AFRL researchers teamed with scientists from Universal Energy Systems (UES), Inc., on a Small Business Innovation Research (SBIR)-funded effort designed to meet requirements of the IHPRPT program. Their goal was to improve the thrust-to-weight ratio in rocket engines by identifying an aluminum alloy with (1) specific strength values equal to or exceeding those of the high-strength titanium alloy Ti-5Al-2.5Sn ELI (extra low interstitial), (2) significantly reduced weight, and (3) ductility of no less than 7%. Currently, metallurgists produce high-strength aluminum alloys through an expensive nanophase aluminum process that includes production of the alloy powder; mechanical milling of the powder in liquid nitrogen to produce a nanophase structure; and powder compaction by hot isostatic pressing, extrusion, and forging. Unfortunately, the resulting alloys do not possess the combination of strength and ductility required for use in cryogenic rocket engine applications. During this SBIR effort, AFRL and UES scientists, collaborating with scientists from Rocketdyne, selected an alternative processing approach: they produced alloys using conventional casting technology, which is less expensive than powder metallurgy processes. The properties of new alloys are determined by alloy composition and thermomechanical treatment; the combined effect in the new alloys produces very fine, nonsoluble dispersoids and grain refinement.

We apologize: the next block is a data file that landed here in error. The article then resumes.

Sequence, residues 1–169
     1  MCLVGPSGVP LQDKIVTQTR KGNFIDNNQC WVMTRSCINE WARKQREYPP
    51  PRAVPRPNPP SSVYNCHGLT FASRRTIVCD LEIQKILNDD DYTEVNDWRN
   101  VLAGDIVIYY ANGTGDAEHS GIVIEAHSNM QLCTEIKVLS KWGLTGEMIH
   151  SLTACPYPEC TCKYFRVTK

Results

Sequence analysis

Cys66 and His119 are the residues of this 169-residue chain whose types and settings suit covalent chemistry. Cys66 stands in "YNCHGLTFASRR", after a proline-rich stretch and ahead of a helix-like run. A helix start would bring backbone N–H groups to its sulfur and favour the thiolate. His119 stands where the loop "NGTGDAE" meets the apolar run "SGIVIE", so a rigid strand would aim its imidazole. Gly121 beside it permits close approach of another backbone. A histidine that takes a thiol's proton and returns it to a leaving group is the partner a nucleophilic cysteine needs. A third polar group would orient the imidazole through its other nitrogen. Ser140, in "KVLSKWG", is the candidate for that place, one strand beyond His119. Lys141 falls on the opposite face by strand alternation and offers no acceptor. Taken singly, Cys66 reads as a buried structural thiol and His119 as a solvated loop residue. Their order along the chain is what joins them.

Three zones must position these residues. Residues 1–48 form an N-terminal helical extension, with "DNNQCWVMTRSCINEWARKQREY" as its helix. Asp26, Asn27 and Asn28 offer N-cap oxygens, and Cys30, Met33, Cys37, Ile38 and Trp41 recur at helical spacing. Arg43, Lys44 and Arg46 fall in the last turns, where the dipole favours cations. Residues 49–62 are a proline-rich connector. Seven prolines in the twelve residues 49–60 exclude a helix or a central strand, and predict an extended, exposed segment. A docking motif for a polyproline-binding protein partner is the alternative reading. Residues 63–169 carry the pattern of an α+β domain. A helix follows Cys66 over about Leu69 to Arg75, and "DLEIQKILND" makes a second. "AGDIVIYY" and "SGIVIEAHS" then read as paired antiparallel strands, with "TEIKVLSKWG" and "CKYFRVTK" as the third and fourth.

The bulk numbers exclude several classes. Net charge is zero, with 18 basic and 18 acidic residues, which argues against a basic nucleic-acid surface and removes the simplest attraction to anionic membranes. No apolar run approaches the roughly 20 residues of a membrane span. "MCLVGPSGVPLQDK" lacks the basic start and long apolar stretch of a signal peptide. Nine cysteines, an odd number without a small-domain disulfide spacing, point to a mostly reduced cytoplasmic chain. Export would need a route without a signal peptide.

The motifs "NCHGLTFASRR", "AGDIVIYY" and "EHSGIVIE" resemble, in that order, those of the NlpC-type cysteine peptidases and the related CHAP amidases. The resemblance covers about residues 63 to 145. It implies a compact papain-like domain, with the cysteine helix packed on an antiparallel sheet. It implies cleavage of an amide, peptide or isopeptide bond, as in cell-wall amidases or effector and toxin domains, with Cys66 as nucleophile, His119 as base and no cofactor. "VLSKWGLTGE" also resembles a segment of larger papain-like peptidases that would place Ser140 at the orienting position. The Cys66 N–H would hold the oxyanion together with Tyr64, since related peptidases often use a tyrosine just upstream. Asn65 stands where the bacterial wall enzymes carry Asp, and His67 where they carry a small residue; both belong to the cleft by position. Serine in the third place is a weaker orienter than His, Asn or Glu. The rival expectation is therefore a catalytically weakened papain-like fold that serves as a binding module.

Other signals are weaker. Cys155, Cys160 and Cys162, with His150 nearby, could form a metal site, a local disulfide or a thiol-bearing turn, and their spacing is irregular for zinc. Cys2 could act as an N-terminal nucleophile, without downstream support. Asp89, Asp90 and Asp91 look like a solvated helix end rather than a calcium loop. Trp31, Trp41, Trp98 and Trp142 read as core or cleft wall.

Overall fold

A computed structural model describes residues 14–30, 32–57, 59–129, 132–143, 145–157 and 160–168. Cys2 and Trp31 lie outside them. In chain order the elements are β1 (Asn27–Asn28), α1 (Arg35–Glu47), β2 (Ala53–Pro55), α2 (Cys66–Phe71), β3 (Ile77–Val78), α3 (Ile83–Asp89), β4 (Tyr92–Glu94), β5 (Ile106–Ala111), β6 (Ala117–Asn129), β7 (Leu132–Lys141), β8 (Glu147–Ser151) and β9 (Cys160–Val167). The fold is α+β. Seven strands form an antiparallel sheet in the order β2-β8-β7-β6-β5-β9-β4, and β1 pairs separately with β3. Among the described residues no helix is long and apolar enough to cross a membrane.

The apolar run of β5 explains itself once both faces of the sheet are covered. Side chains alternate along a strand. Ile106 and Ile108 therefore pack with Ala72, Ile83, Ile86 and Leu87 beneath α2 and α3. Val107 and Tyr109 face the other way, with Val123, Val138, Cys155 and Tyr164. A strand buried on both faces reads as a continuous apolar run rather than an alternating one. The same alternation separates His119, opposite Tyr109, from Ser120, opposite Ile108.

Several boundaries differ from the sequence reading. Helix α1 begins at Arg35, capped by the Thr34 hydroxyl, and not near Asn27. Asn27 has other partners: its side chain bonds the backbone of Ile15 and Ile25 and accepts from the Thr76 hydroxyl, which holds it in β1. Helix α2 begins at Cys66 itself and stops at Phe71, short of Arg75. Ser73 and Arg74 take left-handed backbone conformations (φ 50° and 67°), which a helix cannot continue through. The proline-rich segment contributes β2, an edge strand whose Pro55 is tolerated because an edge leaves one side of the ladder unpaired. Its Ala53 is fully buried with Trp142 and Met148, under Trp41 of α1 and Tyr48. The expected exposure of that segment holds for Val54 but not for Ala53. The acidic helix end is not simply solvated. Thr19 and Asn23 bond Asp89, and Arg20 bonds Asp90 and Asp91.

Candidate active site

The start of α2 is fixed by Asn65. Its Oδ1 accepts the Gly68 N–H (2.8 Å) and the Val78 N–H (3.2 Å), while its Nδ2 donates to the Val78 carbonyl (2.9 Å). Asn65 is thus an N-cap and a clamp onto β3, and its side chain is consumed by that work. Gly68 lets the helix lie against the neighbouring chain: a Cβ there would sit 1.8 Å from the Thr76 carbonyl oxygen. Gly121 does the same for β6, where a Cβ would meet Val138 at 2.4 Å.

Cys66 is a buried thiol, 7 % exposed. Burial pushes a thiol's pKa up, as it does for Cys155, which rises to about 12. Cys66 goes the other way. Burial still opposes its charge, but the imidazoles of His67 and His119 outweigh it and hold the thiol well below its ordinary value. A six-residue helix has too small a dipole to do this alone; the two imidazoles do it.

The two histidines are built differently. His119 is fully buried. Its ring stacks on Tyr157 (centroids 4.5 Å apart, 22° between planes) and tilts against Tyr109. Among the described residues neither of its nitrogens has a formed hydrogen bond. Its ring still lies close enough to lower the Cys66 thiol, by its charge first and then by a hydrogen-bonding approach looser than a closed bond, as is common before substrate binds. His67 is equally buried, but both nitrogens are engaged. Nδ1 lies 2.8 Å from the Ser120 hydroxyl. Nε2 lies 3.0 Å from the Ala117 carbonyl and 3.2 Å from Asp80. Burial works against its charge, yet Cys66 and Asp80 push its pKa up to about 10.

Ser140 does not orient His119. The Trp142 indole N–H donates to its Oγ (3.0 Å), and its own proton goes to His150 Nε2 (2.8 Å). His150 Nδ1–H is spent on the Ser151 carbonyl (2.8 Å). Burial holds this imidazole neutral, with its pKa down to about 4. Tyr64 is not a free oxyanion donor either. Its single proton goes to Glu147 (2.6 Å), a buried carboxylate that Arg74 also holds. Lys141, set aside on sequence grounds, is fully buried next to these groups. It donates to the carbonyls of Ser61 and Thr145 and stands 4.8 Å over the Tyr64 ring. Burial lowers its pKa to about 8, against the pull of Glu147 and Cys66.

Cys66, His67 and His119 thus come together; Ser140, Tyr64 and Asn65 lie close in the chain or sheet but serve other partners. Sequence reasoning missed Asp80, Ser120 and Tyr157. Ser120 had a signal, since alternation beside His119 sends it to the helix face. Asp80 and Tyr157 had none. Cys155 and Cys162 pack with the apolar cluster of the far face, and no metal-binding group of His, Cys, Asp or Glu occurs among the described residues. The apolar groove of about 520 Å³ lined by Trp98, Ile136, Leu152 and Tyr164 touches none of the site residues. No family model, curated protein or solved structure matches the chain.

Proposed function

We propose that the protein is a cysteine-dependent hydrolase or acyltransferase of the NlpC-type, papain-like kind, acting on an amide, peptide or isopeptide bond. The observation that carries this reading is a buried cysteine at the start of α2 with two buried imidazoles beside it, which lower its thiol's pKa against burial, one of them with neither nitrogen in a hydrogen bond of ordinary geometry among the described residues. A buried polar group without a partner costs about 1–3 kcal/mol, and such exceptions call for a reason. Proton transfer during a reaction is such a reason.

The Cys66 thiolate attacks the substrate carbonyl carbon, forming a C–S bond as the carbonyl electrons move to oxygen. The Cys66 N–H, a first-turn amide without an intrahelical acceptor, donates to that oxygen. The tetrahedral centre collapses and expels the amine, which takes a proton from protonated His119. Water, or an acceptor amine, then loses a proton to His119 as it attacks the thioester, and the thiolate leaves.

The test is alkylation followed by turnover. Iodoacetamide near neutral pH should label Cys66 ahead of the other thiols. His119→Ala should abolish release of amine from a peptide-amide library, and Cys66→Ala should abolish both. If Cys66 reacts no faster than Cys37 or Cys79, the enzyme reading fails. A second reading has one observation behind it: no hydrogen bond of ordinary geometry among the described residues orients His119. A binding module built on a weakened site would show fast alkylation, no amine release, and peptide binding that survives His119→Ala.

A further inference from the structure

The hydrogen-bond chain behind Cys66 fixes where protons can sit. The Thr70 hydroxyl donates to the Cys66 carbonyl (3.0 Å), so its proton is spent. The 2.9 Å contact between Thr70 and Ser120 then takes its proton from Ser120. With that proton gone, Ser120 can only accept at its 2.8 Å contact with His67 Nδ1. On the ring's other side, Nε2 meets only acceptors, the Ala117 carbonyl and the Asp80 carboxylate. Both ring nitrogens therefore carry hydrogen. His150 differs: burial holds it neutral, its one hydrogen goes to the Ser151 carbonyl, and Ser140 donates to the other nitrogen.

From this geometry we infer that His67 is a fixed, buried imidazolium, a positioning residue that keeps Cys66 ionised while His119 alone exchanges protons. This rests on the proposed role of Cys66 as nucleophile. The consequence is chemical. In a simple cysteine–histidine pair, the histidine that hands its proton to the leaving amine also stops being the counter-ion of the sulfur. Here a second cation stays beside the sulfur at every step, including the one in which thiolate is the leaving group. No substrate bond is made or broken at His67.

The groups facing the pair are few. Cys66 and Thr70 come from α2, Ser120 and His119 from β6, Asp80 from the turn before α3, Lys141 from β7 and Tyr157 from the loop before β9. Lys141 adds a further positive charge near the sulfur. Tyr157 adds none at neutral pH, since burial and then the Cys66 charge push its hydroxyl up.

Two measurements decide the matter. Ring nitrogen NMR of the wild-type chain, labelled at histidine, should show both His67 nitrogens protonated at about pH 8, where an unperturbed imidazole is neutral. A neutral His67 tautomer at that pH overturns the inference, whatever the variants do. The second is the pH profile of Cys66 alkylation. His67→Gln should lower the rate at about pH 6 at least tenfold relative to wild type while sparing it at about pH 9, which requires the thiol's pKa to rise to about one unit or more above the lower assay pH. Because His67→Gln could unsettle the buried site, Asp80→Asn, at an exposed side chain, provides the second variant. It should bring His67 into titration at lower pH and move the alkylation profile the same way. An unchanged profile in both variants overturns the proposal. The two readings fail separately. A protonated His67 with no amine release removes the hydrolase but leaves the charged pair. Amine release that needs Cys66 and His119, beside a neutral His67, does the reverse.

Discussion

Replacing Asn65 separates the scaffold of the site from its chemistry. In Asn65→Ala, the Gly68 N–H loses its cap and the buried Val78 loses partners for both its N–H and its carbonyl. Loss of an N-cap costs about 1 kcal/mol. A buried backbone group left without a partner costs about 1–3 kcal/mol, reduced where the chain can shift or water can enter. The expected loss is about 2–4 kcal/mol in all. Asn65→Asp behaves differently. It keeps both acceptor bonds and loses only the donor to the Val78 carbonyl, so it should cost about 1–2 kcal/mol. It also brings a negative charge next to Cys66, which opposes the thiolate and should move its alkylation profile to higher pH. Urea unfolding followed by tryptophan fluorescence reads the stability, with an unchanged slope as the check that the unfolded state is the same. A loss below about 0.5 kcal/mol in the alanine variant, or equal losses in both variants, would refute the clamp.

Figure 2. The microstructure of hot-extruded and aged alloy specimens as seen with a transmission electron microscope

During Phase I of the SBIR effort, the research team investigated the microstructure, hardness, and tensile properties of nine alloys. Two different foundries cast 3 in. diameter billets, and the researchers examined them in as-cast and hot-extruded (see Figure 2) conditions using AFRL's Materials Processing Laboratory. They heat-treated the extruded samples to maximum hardness and then determined the tensile properties of the heat-treated samples at standard and cryogenic temperatures. The researchers also analyzed the microstructures of both heat-treated and deformed samples to determine fracture modes.